Why All Ecommerce Businesses Need Reverse Logistics Management
Merchandise returns cost companies an estimated $165 million out of every $1 billion in sales in 2022 — a 16.5% return rate. As sustainability and waste management initiatives become more prevalent, businesses are rethinking the second half of their products’ lifespan.
Reverse logistics refers to the movement of goods from consumers to the distributor or, in some cases, as far back as the original supplier. This backward movement through the supply chain is becoming an area of significant concern for many businesses as the costs associated with reverse logistics rise. Here’s our breakdown of the reverse logistics basics:
When Reverse Logistics Are Required
Most products follow the supply chain normally, moving from supplier to customer as its final destination. Certain events trigger product movement in the opposite direction:
- Returns – Usually initiated by the customer because they don’t want the product anymore, received the wrong product or weren’t satisfied with their purchase.
- Recalls – Initiated by the company due to safety concerns regarding the product.
- Repairs or Trade-in Offers – A customer could send in a broken product for repair or the company could offer to replace old products with newer, upgraded versions and then refurbish the old model.
- Remanufacturing Efforts – Sometimes manufacturers will offer incentives to customers who send in their old or damaged products so the manufacturer can disassemble it and reuse the parts that are still in good working condition.
- Recycling for Resale – If a product is of no use to the manufacturer, it can sometimes be sold to other businesses who can use it for their own purposes.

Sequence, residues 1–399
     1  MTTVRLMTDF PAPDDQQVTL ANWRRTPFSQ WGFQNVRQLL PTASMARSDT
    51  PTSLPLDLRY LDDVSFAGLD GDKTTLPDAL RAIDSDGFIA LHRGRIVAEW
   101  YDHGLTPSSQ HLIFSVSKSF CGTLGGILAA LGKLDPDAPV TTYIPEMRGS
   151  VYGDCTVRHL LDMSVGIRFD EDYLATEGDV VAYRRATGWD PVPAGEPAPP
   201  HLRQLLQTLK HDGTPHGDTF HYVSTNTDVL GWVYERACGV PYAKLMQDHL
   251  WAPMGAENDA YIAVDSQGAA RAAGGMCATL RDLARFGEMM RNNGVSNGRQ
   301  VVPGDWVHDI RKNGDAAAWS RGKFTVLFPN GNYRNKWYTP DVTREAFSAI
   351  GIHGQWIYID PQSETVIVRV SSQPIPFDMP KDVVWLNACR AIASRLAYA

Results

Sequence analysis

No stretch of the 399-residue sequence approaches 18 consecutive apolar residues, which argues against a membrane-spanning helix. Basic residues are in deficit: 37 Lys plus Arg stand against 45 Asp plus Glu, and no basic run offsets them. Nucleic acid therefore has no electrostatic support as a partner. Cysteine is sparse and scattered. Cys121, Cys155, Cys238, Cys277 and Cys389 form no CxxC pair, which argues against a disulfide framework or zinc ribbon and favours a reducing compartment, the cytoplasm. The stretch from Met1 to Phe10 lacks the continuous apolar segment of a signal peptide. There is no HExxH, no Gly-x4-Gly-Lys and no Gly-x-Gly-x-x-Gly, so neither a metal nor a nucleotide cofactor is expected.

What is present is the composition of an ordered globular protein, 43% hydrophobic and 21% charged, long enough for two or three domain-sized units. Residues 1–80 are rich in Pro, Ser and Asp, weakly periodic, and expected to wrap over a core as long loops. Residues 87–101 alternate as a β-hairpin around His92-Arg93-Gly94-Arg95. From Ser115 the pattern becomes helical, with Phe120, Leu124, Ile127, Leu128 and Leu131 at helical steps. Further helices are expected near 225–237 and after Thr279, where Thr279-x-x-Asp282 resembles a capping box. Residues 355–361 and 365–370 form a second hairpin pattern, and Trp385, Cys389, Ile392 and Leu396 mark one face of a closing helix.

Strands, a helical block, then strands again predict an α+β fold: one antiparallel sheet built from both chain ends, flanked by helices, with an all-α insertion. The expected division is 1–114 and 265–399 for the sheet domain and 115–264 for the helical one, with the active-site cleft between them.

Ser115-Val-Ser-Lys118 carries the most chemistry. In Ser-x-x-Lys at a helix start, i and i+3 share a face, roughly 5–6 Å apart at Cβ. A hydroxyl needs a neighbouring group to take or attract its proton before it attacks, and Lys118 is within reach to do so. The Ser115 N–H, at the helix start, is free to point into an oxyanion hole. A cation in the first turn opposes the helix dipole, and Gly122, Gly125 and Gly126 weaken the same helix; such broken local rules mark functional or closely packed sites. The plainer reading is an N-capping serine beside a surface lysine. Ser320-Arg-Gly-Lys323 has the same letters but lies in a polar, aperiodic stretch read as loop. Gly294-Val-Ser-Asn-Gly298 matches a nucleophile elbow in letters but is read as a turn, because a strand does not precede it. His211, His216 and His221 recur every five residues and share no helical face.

- End of Usefulness – When a product reaches the end of its lifespan and must be disposed of, certain products may need to be returned to a distributor with the equipment and facilities to dispose of them safely.
Reverse Logistics vs. Traditional Logistics
Traditional supply chain movement has a clearly defined start and end point: products start with the supplier and end up on a customer’s doorstep. Reverse logistics isn’t as direct — some products only require a quick return for a replacement already on-hand in a nearby warehouse, while others must travel all the way back to the manufacturer.
Reverse logistics has to account for product movement in both directions. In the case of a repair, the product has to move from the customer to the manufacturer, then back to the customer. This requires clear communication, accurate product labeling and tracking processes and superb problem-solving skills to manage effectively.
Reverse Logistics and Ecommerce
There is a correlation between the rising popularity of e-commerce and the rising rate of retail returns. As more E-commerce companies promise free returns, customers are more inclined to shop online, ordering products in multiple sizes and colors then sending unwanted products back at no charge.
The need for efficient reverse logistics is expected to swell as E-commerce continues to boom. Logisticians will need to analyze and optimize their company’s reverse logistics just as closely as they monitor the intricacies of traditional supply chain movement.
Fortunately, advancements in automation and machine learning have the potential to help streamline these processes and reduce the extra strain on the company’s existing resources. Automated processes can quickly prepare labels and package products for resell, reuse or recycling, while advanced machine learning can refine larger supply chain processes by analyzing data and recognizing opportunities for improvement. Industry tech will ease the burden placed on companies to refine and manage an optimized, bidirectional supply chain.
Adopt a Circular View of the Supply Chain
It’s up to each individual company to seek employees and business partners with expertise in both traditional and reverse logistics to quickly maximize product value and lower operational costs. Optimizing your supply chain in either direction hinges on exchanging a linear supply chain model for a circular model that accounts for products moving back up the chain on occasion.
Companies focused on managing their reverse logistics now will be that much more prepared to meet growing consumer demand for fast shipping and free returns as their customers turn increasingly to E-commerce shopping.
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Speedy delivery is crucial to any growing business. First Call’s Warehousing & Distribution Services can help establish resilient supply chains, deliver products on time and achieve long-term business goals.
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